GLENN: HBO.

STU: By the House -- the -- whatever that counsel -- the committee was.

GLENN: The committee of clowns.

STU: The committee of clowns that went after everybody. They used his footage. And now they're going to arrest him for taking it. It's incomprehensible what they're doing.

GLENN: He said, there's a possibility that they get him on some sort of crossing state lines.

Because he crossed state lines and then sold the video. It's like, what?

What kind of law is that?

I've never even heard of that.

STU: These are the Commerce Clause for anything, as you know.

GLENN: Yeah. No. I know. I know. Okay. So you're on your way down to the courthouse, right?

JILL: Yes, I will be there today, reporting back with whatever comes out of the courthouse today.

GLENN: Okay. Thank you so much. Appreciate it.

JILL: Thanks, Glenn.

GLENN: I have done this job, since 1978.

I have never seen anything like this.

I believe, they left Steve alone, for two years. He was not a Blaze TV correspondent. They left him alone. They first contacted him, and they had nothing. Literally nothing.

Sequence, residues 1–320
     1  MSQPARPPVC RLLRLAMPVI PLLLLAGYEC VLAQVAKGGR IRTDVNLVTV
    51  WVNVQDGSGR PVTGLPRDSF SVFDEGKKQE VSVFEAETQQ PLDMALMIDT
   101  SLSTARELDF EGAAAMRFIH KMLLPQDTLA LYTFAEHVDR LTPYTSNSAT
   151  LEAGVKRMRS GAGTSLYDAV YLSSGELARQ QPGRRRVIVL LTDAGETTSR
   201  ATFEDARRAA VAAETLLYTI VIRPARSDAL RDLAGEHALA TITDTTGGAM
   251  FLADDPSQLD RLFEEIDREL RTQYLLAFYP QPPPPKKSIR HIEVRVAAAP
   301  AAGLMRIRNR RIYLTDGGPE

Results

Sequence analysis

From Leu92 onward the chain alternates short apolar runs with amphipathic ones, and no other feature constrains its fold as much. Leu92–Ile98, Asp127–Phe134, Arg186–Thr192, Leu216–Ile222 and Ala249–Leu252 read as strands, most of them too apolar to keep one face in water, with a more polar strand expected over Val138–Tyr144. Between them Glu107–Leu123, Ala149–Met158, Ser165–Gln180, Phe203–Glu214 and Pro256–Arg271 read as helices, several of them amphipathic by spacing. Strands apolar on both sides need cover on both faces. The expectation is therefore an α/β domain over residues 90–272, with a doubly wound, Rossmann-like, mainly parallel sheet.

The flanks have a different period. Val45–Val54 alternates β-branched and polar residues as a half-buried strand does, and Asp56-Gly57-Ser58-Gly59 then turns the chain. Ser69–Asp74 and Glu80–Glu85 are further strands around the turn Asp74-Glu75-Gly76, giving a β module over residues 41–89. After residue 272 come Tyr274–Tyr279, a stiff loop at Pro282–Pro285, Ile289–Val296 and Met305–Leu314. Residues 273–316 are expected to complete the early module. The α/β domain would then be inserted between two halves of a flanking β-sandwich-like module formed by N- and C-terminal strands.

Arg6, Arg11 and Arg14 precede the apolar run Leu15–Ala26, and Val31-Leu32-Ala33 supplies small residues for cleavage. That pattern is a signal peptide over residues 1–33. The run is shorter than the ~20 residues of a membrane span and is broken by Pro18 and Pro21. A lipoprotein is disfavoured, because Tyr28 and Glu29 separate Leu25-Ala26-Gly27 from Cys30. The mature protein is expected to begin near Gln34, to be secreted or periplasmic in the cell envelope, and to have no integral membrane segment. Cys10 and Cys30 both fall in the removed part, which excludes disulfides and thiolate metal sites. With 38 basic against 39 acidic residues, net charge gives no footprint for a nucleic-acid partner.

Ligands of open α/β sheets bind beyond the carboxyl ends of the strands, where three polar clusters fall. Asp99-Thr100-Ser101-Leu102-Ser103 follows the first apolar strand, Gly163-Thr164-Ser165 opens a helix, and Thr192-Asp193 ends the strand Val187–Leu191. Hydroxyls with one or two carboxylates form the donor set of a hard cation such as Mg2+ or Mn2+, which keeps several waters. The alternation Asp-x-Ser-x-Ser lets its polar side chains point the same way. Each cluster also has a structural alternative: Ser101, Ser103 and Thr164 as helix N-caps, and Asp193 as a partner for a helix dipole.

He is a journalist, an independent journalist, when he was at the Capitol. He did not engage in anything.

The guy is a Libertarian. He wasn't for Trump. He wasn't for anybody. He was an independent journalist.

There are, I think, 60 journalists, that were on Capitol Hill that day. Now the federal government, as soon as he joined us. And started putting his stuff out, and it got eyeballs.

All of a sudden, they're after him.

And I don't think this is -- I mean, I know they need him to stop. Because he's the guy who has revealed everything.

We're getting down to the Kamala Harris stuff. He told me yesterday, some things that he's working on.

And he said, Glenn, there are other people, who know it.

Other people have my work, in case, I become suicidal, in jail.

He said, and he told me a story, I'm not going to tell you.

He told me a story, if he can prove this. I mean, it's game-changing.

This is the clip of him. Is this the clip of him in the Capitol, being handcuffed?

Here he is, the clip of him being handcuffed today if you're watching Blaze TV.

STU: Got to be kidding me.

GLENN: Look at that. Perp walk. This is the nicest, quietest, gentlest man I know.

STU: It's incredible.

GLENN: Unbelievable.

STU: Charges are as follows. Knowingly entering or remaining in any restricted building or grounds without lawful authority. Now, that's one he's talked about. And he said, you know, look, I'm a journalist. And I know, even as a journalist, I --

GLENN: New York Times was there.